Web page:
(Bloomberg) – Pick a direction and don’t follow it.
That’s been the story of stocks lately, with the S&P 500 alternating between gains and losses of at least 1% for four consecutive sessions – the longest period since June 2020. The same goes for stocks. fixed income, with 10-year Treasury yields hovering around 1.5%.
The heartbreaking reversals reflect a particularly sharp divide between bullish and bearish cases in the markets right now. On the one hand, risk appetite is curbed by lingering uncertainty about the public debt ceiling, Federal Reserve policy tightening and supply chain disruption. At the same time, sentiment is bolstered by improving trends in Covid, an economy that continues to grow, and forecasts of double-digit profit growth for US companies.
“The story has turned mixed,” said Bob Doll, chief investment officer at Crossmark Global Investments. “When you get legitimate listings on both sides of the ledger, you tend to have more volatility. “
Stocks rose on Tuesday, with the S&P 500 climbing 1.1%, as the US service sector activity indicator beat economists’ forecasts ahead of a key payroll report on Friday. The stock’s gain came a day after a tech sell-off triggered a similarly large drop in the index.
The resumption of volatility in both directions marked a departure from the third quarter, when the market mostly remained eerily calm. The S&P 500 spent 42 days through mid-September without gains of more than 1%, the longest drought since January 2020.
While wild price swings may provide better opportunities for stock pickers, the determination of bearish buyers faces the biggest test in a year after the S&P 500’s worst monthly drop since the pandemic trough in March. 2020. So far, ETF investors have not made a big comeback and retail traders have remained wary.
“I wouldn’t buy here. I think there are even more downsides, especially for these very expensive parts of the market, ”said Megan Horneman, director of portfolio strategy at Verdence Capital Advisors. “I don’t think these expensive growth areas take into account higher interest rates or inflation that persists longer than expected, as well as the potential for corporate tax hikes.”
Despite Tuesday’s rebound, the S&P 500 remained below its 100-day average, key support during this bull market. It has yet to break through the resistance point near 4,385, which rejected attempts to break the index last week and into July.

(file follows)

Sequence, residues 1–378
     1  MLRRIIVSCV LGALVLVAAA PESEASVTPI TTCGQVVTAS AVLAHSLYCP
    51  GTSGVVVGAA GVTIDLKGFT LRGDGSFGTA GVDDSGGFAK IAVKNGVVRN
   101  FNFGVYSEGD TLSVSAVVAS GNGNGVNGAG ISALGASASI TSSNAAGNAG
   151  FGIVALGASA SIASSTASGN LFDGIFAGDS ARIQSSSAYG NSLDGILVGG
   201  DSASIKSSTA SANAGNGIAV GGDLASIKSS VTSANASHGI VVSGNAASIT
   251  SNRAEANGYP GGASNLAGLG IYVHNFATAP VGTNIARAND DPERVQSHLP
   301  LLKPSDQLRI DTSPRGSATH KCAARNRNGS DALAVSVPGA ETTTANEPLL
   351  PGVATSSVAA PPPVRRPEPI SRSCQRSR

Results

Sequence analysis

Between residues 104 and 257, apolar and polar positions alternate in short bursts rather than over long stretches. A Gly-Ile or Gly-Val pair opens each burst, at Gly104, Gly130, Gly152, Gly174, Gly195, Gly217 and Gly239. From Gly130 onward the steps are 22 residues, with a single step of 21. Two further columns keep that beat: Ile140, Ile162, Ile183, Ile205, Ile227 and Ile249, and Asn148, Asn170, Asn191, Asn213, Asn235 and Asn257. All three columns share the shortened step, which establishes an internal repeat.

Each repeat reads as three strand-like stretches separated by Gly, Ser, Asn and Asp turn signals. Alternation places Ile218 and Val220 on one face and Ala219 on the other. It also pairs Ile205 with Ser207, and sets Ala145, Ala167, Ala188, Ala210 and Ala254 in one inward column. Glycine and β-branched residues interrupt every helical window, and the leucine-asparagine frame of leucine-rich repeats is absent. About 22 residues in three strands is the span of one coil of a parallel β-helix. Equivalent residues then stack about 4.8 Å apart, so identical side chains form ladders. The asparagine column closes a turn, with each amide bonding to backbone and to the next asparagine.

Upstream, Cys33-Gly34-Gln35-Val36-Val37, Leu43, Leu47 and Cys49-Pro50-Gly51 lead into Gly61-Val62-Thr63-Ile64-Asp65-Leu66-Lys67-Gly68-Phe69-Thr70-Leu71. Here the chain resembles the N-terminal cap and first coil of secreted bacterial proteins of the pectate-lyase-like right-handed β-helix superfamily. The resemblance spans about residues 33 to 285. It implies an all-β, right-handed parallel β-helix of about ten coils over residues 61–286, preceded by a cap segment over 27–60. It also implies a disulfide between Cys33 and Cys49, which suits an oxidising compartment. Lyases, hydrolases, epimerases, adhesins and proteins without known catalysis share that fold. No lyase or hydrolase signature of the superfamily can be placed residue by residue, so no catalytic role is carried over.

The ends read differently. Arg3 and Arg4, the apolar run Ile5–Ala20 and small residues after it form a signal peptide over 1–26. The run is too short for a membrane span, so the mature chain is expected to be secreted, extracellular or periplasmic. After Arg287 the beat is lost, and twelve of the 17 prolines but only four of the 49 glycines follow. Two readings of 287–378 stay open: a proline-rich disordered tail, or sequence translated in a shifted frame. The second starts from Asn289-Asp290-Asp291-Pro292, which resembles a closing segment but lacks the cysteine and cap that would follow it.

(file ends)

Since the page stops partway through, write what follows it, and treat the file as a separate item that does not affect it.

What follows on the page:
With the market blocked by heightened volatility, options traders seemed reluctant to pay for downside protection on the S&P 500, a sign that RBC Capital Markets believes the worst of the rout may be over.
Likewise, as the Nasdaq 100 hit a new low this week, the Cboe NDX Volatility Index – a gauge that tracks the cost of options tied to the high-tech gauge – produced a low. This bullish divergence, along with a drop in the Nasdaq 100 relative strength index, suggests that the month-long rout is due to a hiatus, according to Jonathan Krinsky, chief market technician at Bay Crest Partners.
“Even if we don’t go back to new highs, the next significant move seems to be higher for us,” Krinsky wrote in a client note.
Read: Historic October volatility on display with stocks on the saw
But hedge funds seemed less optimistic. They have boosted short selling for eight straight days, according to data compiled by Goldman Sachs Group Inc.’s prime brokerage show. faster since July and have reduced their positions in tech mega-caps – Facebook Inc., Amazon.com Inc., Apple Inc., Microsoft Corp. and Alphabet Inc., a cohort known as Faang.
For Chris Harvey, strategist at Wells Fargo & Co., the current episode of market volatility has been partly due to the reallocation of assets by investors in anticipation of a potential change in monetary policy and growth prospects. global.
“We are in a period of transition. Some of the things that worked over the past few months don’t work anymore, ”Harvey said. “The gains will start in earnest relatively shortly, but until then the macro takes over. “
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